TOKYO, Nov 26 (Reuters) - Japan's Nikkei slumped on Friday
to its lowest level in a month as a new coronavirus variant
found in South Africa raised an alarm, while the news that
Beijing has asked Chinese hailing giant Didi to delist
from New York also soured the mood.
The Nikkei average dropped 2.53% to 28,751.62, its
lowest finish since Oct. 25, and posting its biggest daily fall
in more than five months. The broader Topix fell 2.01%
to a six-week closing low of 1,984.98.
For the week, the Nikkei lost 3.3%, while the Topix fell
2.9%, marking the biggest decline since the last week of
"The market's fundamentals have been weak as investors kept
selling when the Nikkei got closer to 30,000," said Kazuharu
Konishi, head of equities at Mitsubishi UFJ Kokusai Asset
"So, it easily got damaged by negative news, such as the one
about the new virus variant. Although it might be too rough to
conclude that today's declines were only due to the virus."
The variant, detected in South Africa, may be able to evade
immune responses and has prompted Britain to hurriedly introduce
travel restrictions on South Africa.
The news hit travel-related shares, which had been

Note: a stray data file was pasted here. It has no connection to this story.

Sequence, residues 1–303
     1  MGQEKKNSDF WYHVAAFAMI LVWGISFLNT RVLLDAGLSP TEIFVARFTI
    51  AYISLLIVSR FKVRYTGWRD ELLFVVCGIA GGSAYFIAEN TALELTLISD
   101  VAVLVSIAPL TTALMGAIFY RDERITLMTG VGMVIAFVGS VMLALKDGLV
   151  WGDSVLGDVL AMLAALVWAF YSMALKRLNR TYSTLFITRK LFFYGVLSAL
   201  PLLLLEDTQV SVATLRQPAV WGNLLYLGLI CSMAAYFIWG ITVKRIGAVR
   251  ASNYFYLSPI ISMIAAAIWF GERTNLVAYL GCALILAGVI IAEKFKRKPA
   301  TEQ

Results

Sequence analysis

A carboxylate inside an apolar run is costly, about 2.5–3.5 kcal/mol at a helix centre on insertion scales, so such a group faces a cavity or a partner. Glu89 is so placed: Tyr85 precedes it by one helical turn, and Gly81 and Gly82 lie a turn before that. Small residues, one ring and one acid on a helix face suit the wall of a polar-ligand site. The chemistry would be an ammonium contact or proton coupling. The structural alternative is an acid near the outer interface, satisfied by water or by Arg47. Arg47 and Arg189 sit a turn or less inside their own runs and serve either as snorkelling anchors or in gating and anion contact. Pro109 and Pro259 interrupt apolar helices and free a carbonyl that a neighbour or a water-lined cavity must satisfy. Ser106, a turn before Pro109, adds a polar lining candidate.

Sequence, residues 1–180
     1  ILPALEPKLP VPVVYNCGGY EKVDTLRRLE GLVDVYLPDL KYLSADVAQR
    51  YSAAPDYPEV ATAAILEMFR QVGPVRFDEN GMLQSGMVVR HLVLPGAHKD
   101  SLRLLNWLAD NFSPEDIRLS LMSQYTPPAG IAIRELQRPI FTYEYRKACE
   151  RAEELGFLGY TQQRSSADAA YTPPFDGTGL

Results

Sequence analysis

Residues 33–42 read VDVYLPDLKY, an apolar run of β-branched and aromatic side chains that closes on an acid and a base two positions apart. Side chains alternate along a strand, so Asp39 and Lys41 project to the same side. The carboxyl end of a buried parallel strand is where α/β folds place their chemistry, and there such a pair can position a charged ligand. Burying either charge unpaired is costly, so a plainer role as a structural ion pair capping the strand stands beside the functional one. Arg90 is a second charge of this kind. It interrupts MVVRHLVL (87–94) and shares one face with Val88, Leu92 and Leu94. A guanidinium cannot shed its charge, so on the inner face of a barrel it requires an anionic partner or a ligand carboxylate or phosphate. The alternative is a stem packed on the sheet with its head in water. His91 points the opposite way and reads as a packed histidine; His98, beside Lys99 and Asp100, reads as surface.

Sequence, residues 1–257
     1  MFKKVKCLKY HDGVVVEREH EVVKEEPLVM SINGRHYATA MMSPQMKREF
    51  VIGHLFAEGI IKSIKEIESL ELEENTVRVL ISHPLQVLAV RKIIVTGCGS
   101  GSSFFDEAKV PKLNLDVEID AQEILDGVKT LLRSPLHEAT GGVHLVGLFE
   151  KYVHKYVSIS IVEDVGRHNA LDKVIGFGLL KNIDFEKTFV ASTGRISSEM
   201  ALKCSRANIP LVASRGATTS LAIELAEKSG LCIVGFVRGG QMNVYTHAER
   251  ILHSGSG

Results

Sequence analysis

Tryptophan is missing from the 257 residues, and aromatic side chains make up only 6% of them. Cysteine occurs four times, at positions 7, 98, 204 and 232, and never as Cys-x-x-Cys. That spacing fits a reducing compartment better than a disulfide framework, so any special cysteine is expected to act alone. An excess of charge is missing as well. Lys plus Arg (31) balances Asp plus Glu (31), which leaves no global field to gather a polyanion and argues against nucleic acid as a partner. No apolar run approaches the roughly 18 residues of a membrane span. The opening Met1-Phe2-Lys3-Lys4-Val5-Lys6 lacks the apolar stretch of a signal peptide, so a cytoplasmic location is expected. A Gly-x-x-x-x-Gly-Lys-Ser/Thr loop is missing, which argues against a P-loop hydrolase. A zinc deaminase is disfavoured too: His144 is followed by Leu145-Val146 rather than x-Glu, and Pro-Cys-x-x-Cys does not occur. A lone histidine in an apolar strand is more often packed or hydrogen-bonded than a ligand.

benefiting from a surge in domestic consumption due to
successful containment of the virus, the hardest.
Topix airline shares index dropped 5.4% to a
seven-month low while Topix land transport index,
made up mainly of train operators, lost 2.9% to a one-year low.
ANA Holdings fell 4.5% after the airliner raised
funds through a sale of convertible bonds, a move that
highlighted the difficulty facing the industry.
Among railway operators, Keisei Electric Railway
fell 6.3% to become the worst performer in the Nikkei.
Central Japan railway lost 3.3%, while Western
Japan Railway shed 3.2%.
Softbank Group tumbled 5.2% after Bloomberg
reported Chinese regulators have asked top executives of ride
hailing giant Didi Global to devise a plan to delist from the
New York Stock Exchange due to concerns about data security.
The Japanese conglomerate is a large investor in U.S.-listed
Chinese tech firms, including Didi and Alibaba.
(Reporting by Junko Fujita and Hideyuki Sano; Editing by
Uttaresh V and Shailesh Kuber)